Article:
Executive Business Reviews (EBRs) and Quarterly Business Reviews (QBRs) Best Practices

20 April, 2024 9 min read
Executive Business Reviews (EBRs) and Quarterly Business Reviews (QBRs) Best Practices


This article will cover what to do and what not to do to execute an effective QBR or EBR. These meetings aren’t difficult if you know what to do and share. You want to have a well-attended meeting, which means keeping them interesting.

Sharing insights into your customer’s business through the lens of your product offering is a very effective approach.

But what does that mean? We’ll take a deeper look into the DOs and DON'Ts of delivering an effective Executive and Quarterly Business Review.

What are QBRs and EBRs?

A Quarterly Business Review (QBR) or Executive Business Review (EBR) is a meeting companies hold with their customers to review progress to stay aligned and ensure success.

They are essentially the same, only their frequency changes. QBRs occur quarterly and EBRs occur at a frequency that is agreed upon between the vendor and the customer. Regardless of the chosen frequency, record where QBR or EBR documentation will be stored and EBR frequency within the customer success plan.

Note: For the remainder of this article, EBR is interchangeable with QBR.

What is the importance of an EBR or a QBR?

The most important element of your EBR meeting is to communicate the value you have delivered since your last meeting because if done correctly this will ensure a renewal.

The next most important element is to convey newly discovered customer goal opportunities through conversation, which represents upsell and cross-sell possibilities. This also facilitates renewals by keeping your competition at bay because you are constantly bringing fresh new ideas to your customer relationship which your customer perceives as value.

The biggest threat to your customer churn is your competition’s ability to share something so disruptive to your customers that they question if they are working with the right vendor, which is you.

This is often how churn starts. Alternatively, the vendor who continually brings value to the customer relationship wins that customer.

If you are adding value that maps to the customer’s goals and business outcomes and can prove it, then you will become an integral part of their business, not a “nice to have”.

This means they can’t do without you and your product if their business is to thrive. Because you are actively adding to your customer’s success, they will acknowledge you and your company as a contributor to their success.

I heard a story where a struggling company was able to turn around their business because a vendor enabled it to do so. This is an optimal position for your company to be in because it creates life-long loyalty.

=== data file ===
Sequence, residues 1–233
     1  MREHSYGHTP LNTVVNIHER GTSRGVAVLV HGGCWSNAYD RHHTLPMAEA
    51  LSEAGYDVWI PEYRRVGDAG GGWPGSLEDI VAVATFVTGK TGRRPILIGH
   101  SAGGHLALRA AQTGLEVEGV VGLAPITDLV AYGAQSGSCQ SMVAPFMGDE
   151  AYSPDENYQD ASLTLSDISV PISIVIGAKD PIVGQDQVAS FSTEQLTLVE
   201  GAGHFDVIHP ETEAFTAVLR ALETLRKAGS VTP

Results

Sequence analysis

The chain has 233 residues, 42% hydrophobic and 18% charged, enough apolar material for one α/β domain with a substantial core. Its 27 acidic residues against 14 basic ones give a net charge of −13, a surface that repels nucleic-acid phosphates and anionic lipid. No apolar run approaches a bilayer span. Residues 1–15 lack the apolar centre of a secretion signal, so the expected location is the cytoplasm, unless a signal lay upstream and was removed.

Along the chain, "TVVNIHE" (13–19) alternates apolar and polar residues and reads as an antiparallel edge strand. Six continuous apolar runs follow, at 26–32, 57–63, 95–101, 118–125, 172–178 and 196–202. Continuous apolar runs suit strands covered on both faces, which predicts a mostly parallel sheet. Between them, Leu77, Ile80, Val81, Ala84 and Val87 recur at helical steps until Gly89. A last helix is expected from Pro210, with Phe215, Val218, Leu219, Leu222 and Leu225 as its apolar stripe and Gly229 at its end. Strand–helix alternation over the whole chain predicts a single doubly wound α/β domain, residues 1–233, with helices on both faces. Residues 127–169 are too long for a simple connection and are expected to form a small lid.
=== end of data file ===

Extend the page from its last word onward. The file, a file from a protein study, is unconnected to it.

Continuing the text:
If you want to keep your customers, you need to bring more customer value to your conversations continuously, don’t allow your competition to step in between you and your customer and cause you to churn. As the incumbent solution, you have a lot of leverage in keeping your customer but don’t become arrogant or complacent.

The EBR is the place to highlight the value you brought to their business since your last EBR and what you expect to do between now and their next EBR.

The components of an Executive Business Review

To optimally leverage customer success, everything revolves around the customer. This means working collaboratively with them.

The EBR is an opportunity to report successes, progress, challenges, failures, and lessons learned since the last EBR. This acts as your scorecard since your last EBR.

Another way of looking at it is to think of your EBR as an opportunity to show the value you deliver to your customers.

Important components to consider including in your EBR

Importance components of an execitive business review
Important components to consider including in your Executive Business Review

1. Progress

  • Status and progress of open items since last EBR.
  • New areas are ripe for improvement (additional opportunities)

2. Wins

  • Delivered value as noted in the success plan under business outcomes and proved by KPIs
  • Additional and unplanned delivered value

3. Reiteration of goals

4. Future goals and business outcome validation.

  • Updated customer success plan
  • Identified OKRs and KPI measurement tools and amounts

5. Challenges, failures, and lessons learned

  • Situation
  • Action
  • Result
  • Lessons learned and corrective actions to eliminate or mitigate future occurrences

What you include in your EBRs will depend upon your business and your customers. You may want to include all of the above components, some of them, or others not mentioned. The key is to show and prove the value you delivered to your customer’s business. More on this later.

Suffice it to say that proving value starts with a great onboarding experience, which is not in the scope of this article. However, you want to explain during your customer’s onboarding that as a partner in their success, there will be ongoing EBRs, why they are important, and who needs to attend them.

How to get the most out of your EBRs?

Make EBRs a time to celebrate victories, build relationships, and source or confirm additional business intelligence like future direction, programs, projects, goals, and so forth.

The most effective way to gather customer information is to talk before the formal meeting and end with a casual dining experience.

Be creative if this isn’t possible because the meetings before and after the formal meeting are where the best information is gathered, delved into, and understood.

This intelligence allows you to understand where you can help more by upselling, cross-selling, or in ways that don’t result in either.

It is an opportunity to learn where your product can solve problems that they didn’t know could be solved by using your product, perhaps for free.

These conversations add additional value to your customer and thereby increase loyalty. You are a trusted advisor or a consultant ensuring their success beyond what they have or could do on their own.

You identify gaps in their business that your product can fill, which thereby improves their customer experience.

You must listen to them carefully and closely with an ear to find ways to increase your value to them.

As previously mentioned, if you don’t do this, then you put retention at risk because other vendors who do execute this way will become more desirable to your customers.

How to conduct an EBR meeting?

You may find having or allowing for a more conversational style discussion is more productive or preferred over having a formal meeting. If so, be flexible. If you do have a formal presentation, keep it as short as possible by showing the most important insights to allow for more discussion time.

The EBR is not the time to do deep troubleshooting or conduct a deep exploratory session into your customer’s business.